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Rf modules TLP434 RLP434 and "A" - SparkFun Electronics

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All things pertaining to wireless and RF links
By Efren
#1169
Hi, Mr Sparky: if you have done many projects, can you put some in a internet page?
At least the ones don't be against your privacity. particularly the ones with microcontrollers.
We particularly are using RS232 protocol in a PIC16F628A. The oscilloscope shows that the receiver outputs garbage at the begining of every transmission (like some "attack time") so, we send a chain of bytes with a sequence. For rexample, 54 45 several times, then another byte as "begin message" and some checksum at the end and a couple of "end transmission" sequence.
We have heated the PIC puting the solder iron over both, the transmitter and the receiver while it is sending or receiving and it always loses some bytes every second or two, due possibly the acumulative error in timing for the small differences in clocks. It can be known that there are lost data because the PIC raises error flags in its RS232 interface

Greets :)

P.D. This forum is great. I hope there be more people joining everyday.
By Moore Logic
#1171
Efren,

Check to see if the TX pin is starting out high as this will mess up the first few charaters transmitted due to missing the start bit and using the first data bit as the start bit.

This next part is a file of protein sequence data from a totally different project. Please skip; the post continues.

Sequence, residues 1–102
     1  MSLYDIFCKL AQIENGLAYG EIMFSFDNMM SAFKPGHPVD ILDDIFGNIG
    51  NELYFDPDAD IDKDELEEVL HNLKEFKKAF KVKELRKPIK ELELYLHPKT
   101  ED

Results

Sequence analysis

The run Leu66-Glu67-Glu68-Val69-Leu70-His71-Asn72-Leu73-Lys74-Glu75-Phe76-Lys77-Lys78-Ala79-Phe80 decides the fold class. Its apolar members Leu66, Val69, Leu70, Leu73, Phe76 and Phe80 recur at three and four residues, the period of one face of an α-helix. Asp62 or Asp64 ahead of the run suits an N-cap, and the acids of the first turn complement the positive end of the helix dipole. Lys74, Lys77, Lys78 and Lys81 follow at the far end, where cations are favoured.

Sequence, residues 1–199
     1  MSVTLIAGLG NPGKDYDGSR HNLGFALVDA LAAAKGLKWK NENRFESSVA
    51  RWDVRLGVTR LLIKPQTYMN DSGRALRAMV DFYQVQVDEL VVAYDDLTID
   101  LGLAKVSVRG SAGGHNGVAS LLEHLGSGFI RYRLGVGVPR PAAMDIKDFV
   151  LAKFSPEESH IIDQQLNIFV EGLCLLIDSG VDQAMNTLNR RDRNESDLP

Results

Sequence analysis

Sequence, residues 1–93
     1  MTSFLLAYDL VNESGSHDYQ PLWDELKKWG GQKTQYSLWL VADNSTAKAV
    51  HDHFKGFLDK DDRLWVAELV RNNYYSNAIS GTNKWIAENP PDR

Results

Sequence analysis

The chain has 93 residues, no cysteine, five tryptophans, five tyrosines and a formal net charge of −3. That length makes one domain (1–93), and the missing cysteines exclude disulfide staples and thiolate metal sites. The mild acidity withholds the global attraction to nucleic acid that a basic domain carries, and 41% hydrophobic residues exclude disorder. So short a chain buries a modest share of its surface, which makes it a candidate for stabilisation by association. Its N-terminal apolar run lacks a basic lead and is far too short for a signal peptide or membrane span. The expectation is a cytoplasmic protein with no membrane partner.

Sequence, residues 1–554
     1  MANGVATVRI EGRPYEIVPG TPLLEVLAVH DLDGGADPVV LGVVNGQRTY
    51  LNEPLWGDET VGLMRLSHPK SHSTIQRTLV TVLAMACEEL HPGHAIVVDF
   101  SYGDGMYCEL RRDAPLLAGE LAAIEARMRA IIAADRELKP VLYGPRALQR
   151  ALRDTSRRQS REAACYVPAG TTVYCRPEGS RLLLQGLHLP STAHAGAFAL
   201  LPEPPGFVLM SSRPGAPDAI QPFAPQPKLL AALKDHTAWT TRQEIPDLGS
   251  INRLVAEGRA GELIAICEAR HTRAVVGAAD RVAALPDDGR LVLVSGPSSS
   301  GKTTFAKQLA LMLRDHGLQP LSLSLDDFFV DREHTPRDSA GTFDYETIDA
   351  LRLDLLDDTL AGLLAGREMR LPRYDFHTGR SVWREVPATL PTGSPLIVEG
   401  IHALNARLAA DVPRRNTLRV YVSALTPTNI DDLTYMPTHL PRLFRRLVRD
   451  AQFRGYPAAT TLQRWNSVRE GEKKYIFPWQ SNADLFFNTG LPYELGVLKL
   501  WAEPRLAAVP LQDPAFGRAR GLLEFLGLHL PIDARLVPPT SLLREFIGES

Jamie Moore
User avatar
By sparky
#1180
What's this about using soldering iron to heat test things!? :lol: I love it!

I'm afraid I just don't have the time or the documentation that I'd like to have on any of my RF projects. The best I've found with the KLP links is to use a constant datastream (see Foamware project). If you are trying to pass data back and forth you have to deal quite a bit with rejection and corruption within the first series of bytes.

Sounds like you're on the right track. Use the UART on a PIC and make sure you are at or lower than 4800bps.

-Nathan
User avatar
By phalanx
#1197
I highly recommend against using the hardware UART with that particular transmitter/receiver pair. It does not have any encoding or protocol standards in its hardware so it is up to you to design them. The UART on the PIC is very powerful, but it was designed with wires in mind where you do not have to deal with the noise and syncronization issues which are inherent in wireless systems. Don't get me wrong, you can hook the UART directly to your transmitter, but the system will perform much more reliably using a software serial port with a custom protocol, encoding scheme, and CRC checking.

There is a thread on this message board where someone was having similar issues as you. There are a number of good recommendations and links that can be found in it.

http://www.sparkfun.com/cgi-bin/phpbb/v ... .php?t=246

If you have any other questions, let us know! Good luck!

-Bill